MORE than three-in-10 hospital doctors are not washing their hands between patients, leaving the people they are trying to cure at risk of potentially life-threatening infections.
The poor handwashing habits of consultants and junior doctors have emerged in the latest audit carried out by the Health Service Executive (HSE) to discover how well hospital staff are following this key infection-control rule.
It is aimed at protecting patients from potentially lethal superbugs such as MRSA, and involves washing with soap and water or sanitising with a hand rub.
Just 69pc of doctors washed their hands while being observed last July, a marginal improvement on their 61pc compliance rate in 2011.
Nurses and midwives had the best record at 86.2pc, followed by staff such as physiotherapists and radiologists – 84.3pc were washing their hands.
But other healthcare staff such as porters, catering and cleaners have the second worst rate at 79.8pc, a slight fall since the last audit.
The hospital staff are aware the audit is under way and that
they are being observed. The report acknowledges that this awareness can change behaviour.
The overall compliance by all staff has improved and is at 81.6pc compared with 79.6pc in the last audit. But it still falls short of the 85pc target.
Responding to the findings, Dr Trevor Duffy, consultant leader in the Irish Medical Organisation, said the "sheer volume" of patients that consultants had to see each day could impact on quality control.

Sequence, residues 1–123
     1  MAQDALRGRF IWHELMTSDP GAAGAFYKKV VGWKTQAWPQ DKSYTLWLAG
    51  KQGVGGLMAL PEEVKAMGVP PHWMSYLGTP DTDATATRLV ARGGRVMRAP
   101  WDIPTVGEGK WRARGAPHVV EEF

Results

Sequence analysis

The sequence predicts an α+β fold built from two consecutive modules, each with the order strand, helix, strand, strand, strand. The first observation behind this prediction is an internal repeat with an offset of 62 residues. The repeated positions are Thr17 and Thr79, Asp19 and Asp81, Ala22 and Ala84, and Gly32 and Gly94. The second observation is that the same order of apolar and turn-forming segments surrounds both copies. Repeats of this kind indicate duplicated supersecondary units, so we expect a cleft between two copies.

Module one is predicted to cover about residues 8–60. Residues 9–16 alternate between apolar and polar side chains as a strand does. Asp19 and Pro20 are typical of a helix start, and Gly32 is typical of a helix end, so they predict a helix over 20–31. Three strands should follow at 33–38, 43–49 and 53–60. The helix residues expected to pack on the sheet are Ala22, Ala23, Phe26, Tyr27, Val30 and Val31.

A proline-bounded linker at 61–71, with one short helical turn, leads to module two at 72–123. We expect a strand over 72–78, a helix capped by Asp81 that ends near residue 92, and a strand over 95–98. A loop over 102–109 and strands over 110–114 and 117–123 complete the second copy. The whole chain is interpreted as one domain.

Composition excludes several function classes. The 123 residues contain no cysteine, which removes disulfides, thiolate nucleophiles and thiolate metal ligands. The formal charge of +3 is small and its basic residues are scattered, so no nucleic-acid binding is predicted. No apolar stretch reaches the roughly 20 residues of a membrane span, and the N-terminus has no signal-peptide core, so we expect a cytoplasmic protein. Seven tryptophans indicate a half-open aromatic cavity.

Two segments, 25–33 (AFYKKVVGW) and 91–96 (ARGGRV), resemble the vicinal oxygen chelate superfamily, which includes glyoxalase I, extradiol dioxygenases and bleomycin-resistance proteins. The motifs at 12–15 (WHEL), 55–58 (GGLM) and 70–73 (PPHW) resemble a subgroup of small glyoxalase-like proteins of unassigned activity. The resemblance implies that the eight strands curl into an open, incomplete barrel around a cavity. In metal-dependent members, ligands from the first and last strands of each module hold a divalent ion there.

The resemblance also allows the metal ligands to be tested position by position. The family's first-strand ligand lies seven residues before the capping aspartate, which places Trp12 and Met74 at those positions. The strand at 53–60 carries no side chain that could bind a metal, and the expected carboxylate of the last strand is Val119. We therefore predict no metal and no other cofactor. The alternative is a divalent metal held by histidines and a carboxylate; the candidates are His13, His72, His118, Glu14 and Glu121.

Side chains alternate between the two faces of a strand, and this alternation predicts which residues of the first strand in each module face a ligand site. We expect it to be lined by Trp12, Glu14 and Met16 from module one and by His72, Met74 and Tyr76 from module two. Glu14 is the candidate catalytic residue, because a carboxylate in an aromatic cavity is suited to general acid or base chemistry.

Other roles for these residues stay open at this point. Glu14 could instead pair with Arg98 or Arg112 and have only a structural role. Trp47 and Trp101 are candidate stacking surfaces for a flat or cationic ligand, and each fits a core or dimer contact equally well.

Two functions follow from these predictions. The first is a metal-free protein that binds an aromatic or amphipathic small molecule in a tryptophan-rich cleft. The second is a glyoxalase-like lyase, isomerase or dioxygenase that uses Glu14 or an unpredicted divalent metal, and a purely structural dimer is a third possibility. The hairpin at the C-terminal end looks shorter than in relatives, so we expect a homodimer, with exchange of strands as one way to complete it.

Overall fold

"If you compare it to Switzerland where they have good handwashing rates, you will see they only see around 50pc of the patients we see," he said.
Dr Duffy said doctors should always be mindful of the need to wash their hands to protect patients.
Hospitals that fared worst were Wexford General (70.3pc) and St Luke's, Kilkenny (71.4pc).
Others with poor scores included Roscommon county hospital (73.3pc).
Staff in the Mater Private had the highest score of 94.8pc. Cappagh Orthopaedic Hospital in Dublin had a score of 91pc, followed by Mercy Hospital in Cork (90pc).
The staff were observed during five crucial points including before touching a patient, doing a procedure in sterile conditions and following exposure to body fluid.
They should also wash their hands after touching a patient or touching patient surroundings.
Staff were seen as most diligent after being exposed to body fluid or touching a patient.
But they were less likely to follow the rules before touching a patient.
The use of hand sanitiser was the most popular method of cleaning by staff and the report said this was consistent with international practice.
The most recent figures show two patients died from the deadly superbug C difficile last year. The number of reported new cases of the bug, which spreads very easily, rose to 1,848 last year, up from 1,693 in 2010.
The number of patients who suffered bloodstream MRSA infections in hospitals fell from 592 in 2006 to 263 in 2011.
Senior hospital managers need to ensure that hand washing is a priority and not allow it become a victim of funding cuts,the report added.